<!doctype html>
<script>
  let timer = setInterval(() => {
    let sheet_count = document.styleSheets.length;
    console.log(document.styleSheets.length);
    if (sheet_count == 2)
      clearInterval(timer);
  }, 1000);
</script>
<link rel="stylesheet" href="https://wpt.live/css/support/a-green.css?pipe=trickle(d10)">
<link rel="stylesheet" href="https://wpt.live/css/support/a-green.css?pipe=trickle(d5)">
<p>Renders after 10 seconds.</p>


The sheet that takes 5s to load appears in document.styleSheets at the same time (after 10s) as the first sheet with the BlockHTMLParseOnStyleSheets runtime flag enabled. After 5s in current Chrome.

Tested the snippet above in Firefox and Safari, and Firefox instantiates the stylesheet objects immediately, before loading finishes, and Safari TP adds both sheets after 10s.

Also tested with the same snippet, only with moving the script element below the links, adding an async attribute, and making the script an external resource. Same results in the various browsers as the first snippet, but with BlockHTMLParserOnStyleSheets enabled, Chrome does not run the async script until both stylesheets finishes loading.

patm...@gmail.com

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Aug 4, 2020, 1:09:20 PM8/4/20
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Just a quick sanity check, this is only for media-match stylesheets, right? Or will the parser also be blocked on print stylesheets?  If I remember correctly, the existing in-body parser blocking is only for media-matching sheets. Otherwise it will break the common pattern people use today for async stylesheets (tag starts with a print media and has an onload handler that changes it to screen).

Daniel Bratell

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Aug 6, 2020, 2:37:58 PM8/6/20
to Rune Lillesveen, Malte Ubl, Yoav Weiss, blink-dev

You mention a couple of things that need to go right for this to be shipped and since I agree, I think it would be best to wait with a shipping decision until we know more about those things.

Specifically whether the improved preload scanner will do a good enough job and whether there will be something else in the policy change that affects loading time negatively. Also (lesser concern) whether there will be compatibility problems from the timing changes.

/Daniel

Rune Lillesveen

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Aug 10, 2020, 9:47:47 AM8/10/20
to Yoav Weiss, blink-dev
On Tue, Aug 4, 2020 at 8:26 AM Yoav Weiss <yo...@yoav.ws> wrote:
I'm having a hard time seeing how this will not regress performance, given that HTML parsing would now be largely done serially (after CSS finished downloading & parsing), rather than in parallel as it is today.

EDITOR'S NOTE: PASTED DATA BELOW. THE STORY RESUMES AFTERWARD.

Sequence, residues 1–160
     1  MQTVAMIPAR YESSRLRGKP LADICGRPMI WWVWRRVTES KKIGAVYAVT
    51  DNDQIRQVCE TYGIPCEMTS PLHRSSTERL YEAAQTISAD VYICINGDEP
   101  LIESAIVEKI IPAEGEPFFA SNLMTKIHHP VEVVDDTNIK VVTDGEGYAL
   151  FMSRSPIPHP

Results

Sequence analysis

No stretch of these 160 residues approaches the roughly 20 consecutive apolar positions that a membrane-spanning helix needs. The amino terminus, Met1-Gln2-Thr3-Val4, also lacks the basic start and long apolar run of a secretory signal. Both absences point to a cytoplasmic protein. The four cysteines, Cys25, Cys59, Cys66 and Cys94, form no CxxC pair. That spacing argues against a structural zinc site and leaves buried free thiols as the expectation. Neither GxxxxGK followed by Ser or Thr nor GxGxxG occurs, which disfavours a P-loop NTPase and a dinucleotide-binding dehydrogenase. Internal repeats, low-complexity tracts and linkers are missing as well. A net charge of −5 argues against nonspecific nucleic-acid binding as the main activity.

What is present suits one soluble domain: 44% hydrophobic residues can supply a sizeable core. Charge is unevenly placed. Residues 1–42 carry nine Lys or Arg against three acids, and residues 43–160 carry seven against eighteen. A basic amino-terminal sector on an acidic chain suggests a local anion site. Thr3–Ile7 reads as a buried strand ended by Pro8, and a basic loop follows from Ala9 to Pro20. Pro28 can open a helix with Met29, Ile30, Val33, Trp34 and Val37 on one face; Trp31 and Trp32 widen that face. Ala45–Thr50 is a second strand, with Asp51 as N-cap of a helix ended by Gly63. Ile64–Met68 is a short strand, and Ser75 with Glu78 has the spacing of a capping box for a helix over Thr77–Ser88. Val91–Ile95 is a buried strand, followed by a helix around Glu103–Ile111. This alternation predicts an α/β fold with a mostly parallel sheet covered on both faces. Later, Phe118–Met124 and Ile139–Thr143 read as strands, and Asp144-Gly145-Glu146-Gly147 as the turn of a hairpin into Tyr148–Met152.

Yes, I agree that it should to some extent.

Do you have numbers that estimate the current cost of HTML parsing and the impact of moving it to be serial?

No. Need to run some benchmarks before running an experiment in the wild.

Do I understand correctly that tokenization will continue to be in parallel?

Yes. I'm not familiar with the html parser implementation details, but at least the <p> element is tokenized immediately for this case:

  <!doctype html>
  <head><link rel="stylesheet" href="https://wpt.live/css/support/a-green.css?pipe=trickle(d10)"></head>
  <p>Renders after 10 seconds.</p>

It should also be noted that the PreloadScanner doesn't cover all resources (e.g. iframes and videos), so delaying those could be another source of regressions.

I see. Thanks.

Rune Lillesveen

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Aug 10, 2020, 9:49:37 AM8/10/20
to patm...@gmail.com, blink-dev
On Tue, Aug 4, 2020 at 7:09 PM <patm...@gmail.com> wrote:
Just a quick sanity check, this is only for media-match stylesheets, right? Or will the parser also be blocked on print stylesheets?  If I remember correctly, the existing in-body parser blocking is only for media-matching sheets. Otherwise it will break the common pattern people use today for async stylesheets (tag starts with a print media and has an onload handler that changes it to screen).

The parser blocking would be for the same stylesheets which are currently render blocking, so <link rel=stylesheet media=print> will not block.

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Malte Ubl

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Aug 10, 2020, 9:52:54 AM8/10/20
to Rune Lillesveen, Yoav Weiss, blink-dev
I mean something like that but with the script element after the link element. This is being used on a large document corpus that cannot be changed easily in terms of order.

Rune Lillesveen

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Aug 10, 2020, 10:08:49 AM8/10/20
to Malte Ubl, Yoav Weiss, blink-dev
I see. I tried with an async script after the stylesheets which does not have execution blocked by the stylesheet with the current behavior, but will with the parser blocking:

<!doctype html>
<script async src="slow.js"></script>

<p>Renders after 10 seconds.</p>

with slow.js:

let timer = setInterval(() => {
  let sheet_count = document.styleSheets.length;
  console.log(document.styleSheets.length);
  if (sheet_count == 2)
    clearInterval(timer);
}, 1000);